True colours

With colour and pattern rampaging through contemporary design, Dominic Lutyens traces their origin to the Postmodernist and post-punk era

Only two years ago, neo-psychedelia seemed to be the one truly hip graphic design style. Remember the Honda ad with its dancing 1960s cartoon animals and Julie Verhoeven’s languid, Biba-esque illustrations? But the once-vigorous tendrils of the psychedelic revival are starting to droop. Mika might represent the fresh-faced new hope of pop, but the design for the sleeve of his album Life in Cartoon Motion looks singularly dated.

Indeed, it seems to have escaped his notice that a psychedelic backlash was kick-started two years ago by the angular, pared-down sleeve design for Franz Ferdinand’s album, You Could Have It So Much Better, featuring a bawling Russian peasant inspired by the Soviet revolutionary poster art of Alexander Rodchenko.

One reason for this sea change is pure nostalgia/ designers a few years ago were referencing psychedelia because they remembered it from their youth. Today, slightly younger designers are reviving the aesthetic they grew up with: the jagged, shouty, acid-bright graphics of the late 1970s/early 1980s, cultivated by the record sleeves of legendary indie labels such as Stiff, Mute and the comparatively austere, hi-tech aesthetic of Factory Records. If Franz Ferdinand’s covers hark back to the Socialist Russian Constructivists, it’s worth pointing out that in the late 1970s, Barney Bubbles, designer of sleeves for Stiff artists Ian Dury and Elvis Costello, was also greatly inspired by them.

‘The romance surrounding the Socialist ethic was very fashionable at art schools in the 1970s,’ recalls Martyn Atkins, who designed many 1970s and 1980s sleeves for Factory Records and Mute (including Depeche Mode’s album A Broken Frame, which pictured a Russian Soviet-era peasant). ‘There are definitely influences from the 1970s and 1980s being absorbed and recreated by Noughties designers,’ he adds.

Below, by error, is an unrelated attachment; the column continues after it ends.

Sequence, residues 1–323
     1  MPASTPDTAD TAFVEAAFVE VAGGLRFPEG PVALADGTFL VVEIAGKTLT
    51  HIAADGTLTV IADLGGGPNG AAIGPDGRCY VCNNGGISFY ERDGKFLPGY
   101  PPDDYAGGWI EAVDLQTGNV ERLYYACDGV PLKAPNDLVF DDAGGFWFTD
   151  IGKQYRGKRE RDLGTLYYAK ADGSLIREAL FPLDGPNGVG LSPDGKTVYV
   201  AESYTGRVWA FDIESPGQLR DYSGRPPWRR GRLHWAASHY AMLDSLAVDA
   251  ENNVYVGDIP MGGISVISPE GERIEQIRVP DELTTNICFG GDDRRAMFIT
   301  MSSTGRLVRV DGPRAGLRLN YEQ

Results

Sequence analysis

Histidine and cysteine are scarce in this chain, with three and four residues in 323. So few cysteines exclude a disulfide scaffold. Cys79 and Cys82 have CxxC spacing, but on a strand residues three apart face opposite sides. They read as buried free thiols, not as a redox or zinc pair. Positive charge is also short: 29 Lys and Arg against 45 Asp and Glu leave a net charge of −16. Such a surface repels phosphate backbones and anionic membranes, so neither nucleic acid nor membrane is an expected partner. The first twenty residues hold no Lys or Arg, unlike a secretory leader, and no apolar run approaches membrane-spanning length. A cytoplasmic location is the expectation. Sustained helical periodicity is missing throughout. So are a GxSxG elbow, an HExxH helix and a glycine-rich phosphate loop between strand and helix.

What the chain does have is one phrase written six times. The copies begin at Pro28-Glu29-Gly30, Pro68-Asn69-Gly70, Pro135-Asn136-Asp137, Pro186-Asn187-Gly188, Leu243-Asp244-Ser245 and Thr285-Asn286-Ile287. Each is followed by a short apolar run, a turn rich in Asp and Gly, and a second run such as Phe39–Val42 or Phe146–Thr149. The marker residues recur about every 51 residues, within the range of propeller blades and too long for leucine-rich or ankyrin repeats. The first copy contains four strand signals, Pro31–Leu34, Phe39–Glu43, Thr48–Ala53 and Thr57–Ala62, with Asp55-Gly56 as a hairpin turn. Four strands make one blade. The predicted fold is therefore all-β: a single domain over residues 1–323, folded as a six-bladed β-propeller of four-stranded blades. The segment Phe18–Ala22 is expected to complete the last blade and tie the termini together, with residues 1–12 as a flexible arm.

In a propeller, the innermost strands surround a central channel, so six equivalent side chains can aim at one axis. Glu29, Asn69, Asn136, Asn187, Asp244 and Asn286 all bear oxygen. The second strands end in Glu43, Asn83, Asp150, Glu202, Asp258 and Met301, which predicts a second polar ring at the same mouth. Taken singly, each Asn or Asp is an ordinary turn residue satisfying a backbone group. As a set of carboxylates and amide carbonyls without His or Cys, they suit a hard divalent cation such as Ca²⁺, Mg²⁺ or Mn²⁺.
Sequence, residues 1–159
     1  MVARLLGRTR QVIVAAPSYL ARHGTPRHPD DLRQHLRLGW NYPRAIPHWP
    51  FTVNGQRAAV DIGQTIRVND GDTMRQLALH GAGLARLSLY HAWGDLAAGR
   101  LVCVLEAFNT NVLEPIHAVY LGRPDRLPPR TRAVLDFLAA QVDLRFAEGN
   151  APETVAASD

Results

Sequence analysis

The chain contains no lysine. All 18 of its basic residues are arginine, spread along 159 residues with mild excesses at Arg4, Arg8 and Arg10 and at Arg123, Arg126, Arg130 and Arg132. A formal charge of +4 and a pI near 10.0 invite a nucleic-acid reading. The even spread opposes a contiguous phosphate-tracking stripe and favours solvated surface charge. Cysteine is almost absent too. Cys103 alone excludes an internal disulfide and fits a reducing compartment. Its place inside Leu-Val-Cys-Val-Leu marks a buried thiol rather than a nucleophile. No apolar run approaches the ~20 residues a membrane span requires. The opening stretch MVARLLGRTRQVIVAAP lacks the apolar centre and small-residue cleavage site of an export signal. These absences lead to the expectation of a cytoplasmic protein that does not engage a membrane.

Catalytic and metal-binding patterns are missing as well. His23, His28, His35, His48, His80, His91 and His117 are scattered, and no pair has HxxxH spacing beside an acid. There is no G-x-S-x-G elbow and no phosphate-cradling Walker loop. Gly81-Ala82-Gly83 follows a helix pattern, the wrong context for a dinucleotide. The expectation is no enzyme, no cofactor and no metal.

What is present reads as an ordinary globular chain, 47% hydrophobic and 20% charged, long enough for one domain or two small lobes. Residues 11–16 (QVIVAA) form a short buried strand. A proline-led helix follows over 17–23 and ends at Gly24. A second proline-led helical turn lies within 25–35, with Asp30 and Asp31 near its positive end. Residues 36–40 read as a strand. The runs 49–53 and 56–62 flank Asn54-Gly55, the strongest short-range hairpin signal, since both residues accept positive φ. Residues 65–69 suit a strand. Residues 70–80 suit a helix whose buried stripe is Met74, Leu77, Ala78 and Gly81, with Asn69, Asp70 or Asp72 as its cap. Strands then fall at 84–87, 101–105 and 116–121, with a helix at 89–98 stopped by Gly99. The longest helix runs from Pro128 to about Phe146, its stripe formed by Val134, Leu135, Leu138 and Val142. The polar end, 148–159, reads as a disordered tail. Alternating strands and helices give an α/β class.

While designers in their twenties may be familiar with Bubbles’s iconic cover for Ian Dury’s single Hit Me With Your Rhythm Stick – a stylised toy Dalmatian puppy in black, white, pink and lime green – the original influences on this style are comparatively rarefied. In fact, these stem from 1970s Postmodernist ideas emanating chiefly from avant-garde Italian design collective Studio Alchymia, a late flowering of which was 1980s design group Memphis, and ultra-hip Italian fashion label Fiorucci.

All these revelled in decoration (that Modernist heresy), referencing 1950s kitsch (the squiggly patterned Formica surfaces of 1950s American diners, or garish leopard prints), and jettisoning polite good taste for trashy materials such as plastic, vinyl and laminates.